My Murukku recipe! A delicious crispy snack, loved by people in Mauritius, Malaysia, Singapore and India
Murukku is a snack that is seen a lot in Mauritius, in particular in the Indo-Mauritian community. When I was young, relatives used to make large quantities in preparation for Divali, grinding rice in a huge mortar and pestle and a stone grinder. They would prepare sweet treats and savoury snacks to distribute to friends and relatives.
As children, our job (myself, my brother and my cousins) was to take baskets of the items that they had prepared, packaged so that we could easily distribute them and take them to friends, relatives and neighbours nearby. We always received new dresses for Divali, which my aunt would painstakingly sew for us, usually similar styles from the same bolt of fabric.
In the evening, small clay lamps or diyas filled with oil and wicks would be placed around the front of the house and the garden, lighting up the place as per tradition to symbolise the victory of light over darkness. We would often have sparklers and older cousins sometimes got their hands on firecrackers. Every time I have Murukku, it takes me back to those days in my aunt’s kitchen and to the evening celebrations.
For this recipe, the freshness of the flour makes a huge difference so if you have the ability to grind the rice and chickpea flour yourself, you will end up with a better product.
A Murukku mould is necessary to make this, if you don’t have one, ask at your local Indian Grocer, they may be able to source one for you. I have often seen them at Indian shops here in Brisbane. Roasting the flour makes the dough less sticky and easier to manage.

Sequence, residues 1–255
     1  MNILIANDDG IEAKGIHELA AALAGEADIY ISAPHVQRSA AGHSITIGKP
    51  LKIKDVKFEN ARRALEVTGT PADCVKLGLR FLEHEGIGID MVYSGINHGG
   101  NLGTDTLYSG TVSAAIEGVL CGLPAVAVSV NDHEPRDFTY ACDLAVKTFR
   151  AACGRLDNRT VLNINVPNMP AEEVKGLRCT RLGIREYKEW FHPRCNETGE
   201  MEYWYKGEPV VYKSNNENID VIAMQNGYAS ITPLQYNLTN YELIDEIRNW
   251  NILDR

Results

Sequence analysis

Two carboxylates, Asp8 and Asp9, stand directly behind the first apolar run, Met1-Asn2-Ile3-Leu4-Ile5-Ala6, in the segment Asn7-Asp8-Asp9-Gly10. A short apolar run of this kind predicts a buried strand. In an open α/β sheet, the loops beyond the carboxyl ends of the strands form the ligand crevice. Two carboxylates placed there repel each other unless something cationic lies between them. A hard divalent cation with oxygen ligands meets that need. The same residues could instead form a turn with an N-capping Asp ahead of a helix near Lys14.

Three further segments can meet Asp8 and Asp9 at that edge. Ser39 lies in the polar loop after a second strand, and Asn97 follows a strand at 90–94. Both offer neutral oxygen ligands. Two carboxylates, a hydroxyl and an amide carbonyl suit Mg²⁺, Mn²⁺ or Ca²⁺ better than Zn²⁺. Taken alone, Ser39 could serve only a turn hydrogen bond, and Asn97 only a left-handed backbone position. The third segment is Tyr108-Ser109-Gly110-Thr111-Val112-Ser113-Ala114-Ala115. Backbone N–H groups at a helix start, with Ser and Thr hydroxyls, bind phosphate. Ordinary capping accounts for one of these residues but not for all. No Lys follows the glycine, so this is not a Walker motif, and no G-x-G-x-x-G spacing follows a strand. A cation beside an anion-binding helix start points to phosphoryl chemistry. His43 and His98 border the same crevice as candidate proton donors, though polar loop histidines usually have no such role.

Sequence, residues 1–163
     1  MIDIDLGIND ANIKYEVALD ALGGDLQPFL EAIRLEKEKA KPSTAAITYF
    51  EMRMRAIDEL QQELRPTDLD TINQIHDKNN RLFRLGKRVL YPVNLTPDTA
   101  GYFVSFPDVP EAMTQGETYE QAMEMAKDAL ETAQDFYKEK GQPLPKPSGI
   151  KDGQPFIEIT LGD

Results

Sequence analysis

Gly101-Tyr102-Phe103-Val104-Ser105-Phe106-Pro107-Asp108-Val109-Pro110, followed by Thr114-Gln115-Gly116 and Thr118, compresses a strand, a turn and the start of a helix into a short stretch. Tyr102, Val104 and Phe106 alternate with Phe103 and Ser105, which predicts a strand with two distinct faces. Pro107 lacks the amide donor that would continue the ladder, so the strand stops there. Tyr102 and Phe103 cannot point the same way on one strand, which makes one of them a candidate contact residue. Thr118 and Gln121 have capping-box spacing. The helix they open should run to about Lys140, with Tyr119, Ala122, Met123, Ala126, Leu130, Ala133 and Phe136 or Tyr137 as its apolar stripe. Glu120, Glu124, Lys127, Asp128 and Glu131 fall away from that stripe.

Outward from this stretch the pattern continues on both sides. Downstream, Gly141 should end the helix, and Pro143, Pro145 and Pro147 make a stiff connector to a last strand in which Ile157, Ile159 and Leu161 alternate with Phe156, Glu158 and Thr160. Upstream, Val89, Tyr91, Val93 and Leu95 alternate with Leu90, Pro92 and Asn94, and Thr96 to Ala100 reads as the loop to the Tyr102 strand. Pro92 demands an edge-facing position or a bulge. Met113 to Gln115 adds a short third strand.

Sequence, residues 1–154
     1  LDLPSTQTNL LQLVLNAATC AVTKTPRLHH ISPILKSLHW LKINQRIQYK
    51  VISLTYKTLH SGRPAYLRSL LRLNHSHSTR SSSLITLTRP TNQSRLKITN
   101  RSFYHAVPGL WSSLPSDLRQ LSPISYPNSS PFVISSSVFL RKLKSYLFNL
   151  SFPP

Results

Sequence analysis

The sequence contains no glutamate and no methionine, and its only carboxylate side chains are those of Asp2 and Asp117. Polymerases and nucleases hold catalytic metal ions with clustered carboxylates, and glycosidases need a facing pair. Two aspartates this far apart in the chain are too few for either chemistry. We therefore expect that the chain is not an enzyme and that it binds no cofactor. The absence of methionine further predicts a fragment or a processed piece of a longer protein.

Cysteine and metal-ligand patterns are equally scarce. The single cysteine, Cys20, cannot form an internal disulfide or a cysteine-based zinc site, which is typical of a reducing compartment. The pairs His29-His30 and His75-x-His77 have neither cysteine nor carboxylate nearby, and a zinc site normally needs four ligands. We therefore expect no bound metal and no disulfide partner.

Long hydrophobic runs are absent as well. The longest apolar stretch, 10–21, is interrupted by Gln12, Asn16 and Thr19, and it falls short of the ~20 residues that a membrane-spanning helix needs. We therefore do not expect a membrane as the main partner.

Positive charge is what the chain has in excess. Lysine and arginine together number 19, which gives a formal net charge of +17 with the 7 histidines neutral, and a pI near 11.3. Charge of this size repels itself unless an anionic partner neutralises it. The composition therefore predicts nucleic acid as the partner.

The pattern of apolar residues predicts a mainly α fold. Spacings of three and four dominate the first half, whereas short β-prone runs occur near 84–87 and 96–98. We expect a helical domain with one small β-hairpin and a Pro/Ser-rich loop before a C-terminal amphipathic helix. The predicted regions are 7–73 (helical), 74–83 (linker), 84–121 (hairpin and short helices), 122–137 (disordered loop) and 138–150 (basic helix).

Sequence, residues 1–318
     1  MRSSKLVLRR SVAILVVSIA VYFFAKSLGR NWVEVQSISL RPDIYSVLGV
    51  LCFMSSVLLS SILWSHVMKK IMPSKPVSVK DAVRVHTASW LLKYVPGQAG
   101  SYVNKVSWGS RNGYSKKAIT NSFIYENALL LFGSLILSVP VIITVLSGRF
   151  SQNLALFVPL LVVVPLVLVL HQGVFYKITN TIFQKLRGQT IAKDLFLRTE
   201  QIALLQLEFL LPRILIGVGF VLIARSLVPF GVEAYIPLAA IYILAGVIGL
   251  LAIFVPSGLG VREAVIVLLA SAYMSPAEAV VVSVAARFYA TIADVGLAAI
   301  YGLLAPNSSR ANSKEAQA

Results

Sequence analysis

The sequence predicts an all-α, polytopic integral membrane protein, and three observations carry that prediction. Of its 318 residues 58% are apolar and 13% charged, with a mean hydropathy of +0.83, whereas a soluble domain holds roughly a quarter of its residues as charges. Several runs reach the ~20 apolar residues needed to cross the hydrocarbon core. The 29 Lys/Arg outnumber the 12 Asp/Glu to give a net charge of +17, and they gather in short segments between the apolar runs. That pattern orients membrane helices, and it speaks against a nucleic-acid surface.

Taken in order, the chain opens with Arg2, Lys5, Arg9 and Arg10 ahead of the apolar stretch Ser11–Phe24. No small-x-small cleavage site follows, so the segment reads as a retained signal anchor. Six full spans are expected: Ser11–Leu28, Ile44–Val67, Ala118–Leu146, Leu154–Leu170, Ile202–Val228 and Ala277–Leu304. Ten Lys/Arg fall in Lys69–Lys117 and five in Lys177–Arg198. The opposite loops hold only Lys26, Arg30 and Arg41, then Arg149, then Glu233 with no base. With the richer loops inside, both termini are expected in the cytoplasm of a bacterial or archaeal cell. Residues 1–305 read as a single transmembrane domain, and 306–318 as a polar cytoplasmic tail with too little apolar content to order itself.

1 cup rice flour (250 ml)
1/4 cup urad flour
2 tablespoons besan (chickpea flour)
2 tablespoons ghee or butter
1 teaspoon sesame seeds
1/4 teaspoon asafoetida
1 teaspoon cumin seeds
Kashmiri Chilli powder to taste
1 sprig fresh curry leaves, finely chopped
Warm water as needed
Salt to taste (I usually use about 1 1/2 teaspoons
Dry roast the rice flour and urad flour separately for 2 minutes each. Make sure both the flours are just warm and not burnt. Place on a bowl with besan flour as well.
And two tbsps of water, then the salt and asafoetida.
Mix them well and keep it aside.
Combine the flours, butter, sesame seeds, asafoetida & salt mixture and cumin seeds in a large bowl and add warm water, mixing until it forms a stiff dough.
Most Murukku moulds come with various attachments. I prefer the one star one but you can see which one appeals to you. The one star plate is the traditional one used for this dish and also appears to me to be the easiest.
Place dough in mould fitted with the plate of choice and press out the dough, moving in such a way that the dough forms a circle as shown. Continue to form spirals, about 8 cm in diameter, until dough has been used up.
Heat oil for deep-frying. When oil is hot enough, gently add the murukku one at a time to the oil. I like to gently place the individual Murukkus on a slotted spoon and then lower the spoon into the oil so as not to break them.
Cook until golden brown. Remove from oil and allow to cool before storing in an airtight container. They can be stored for about three weeks.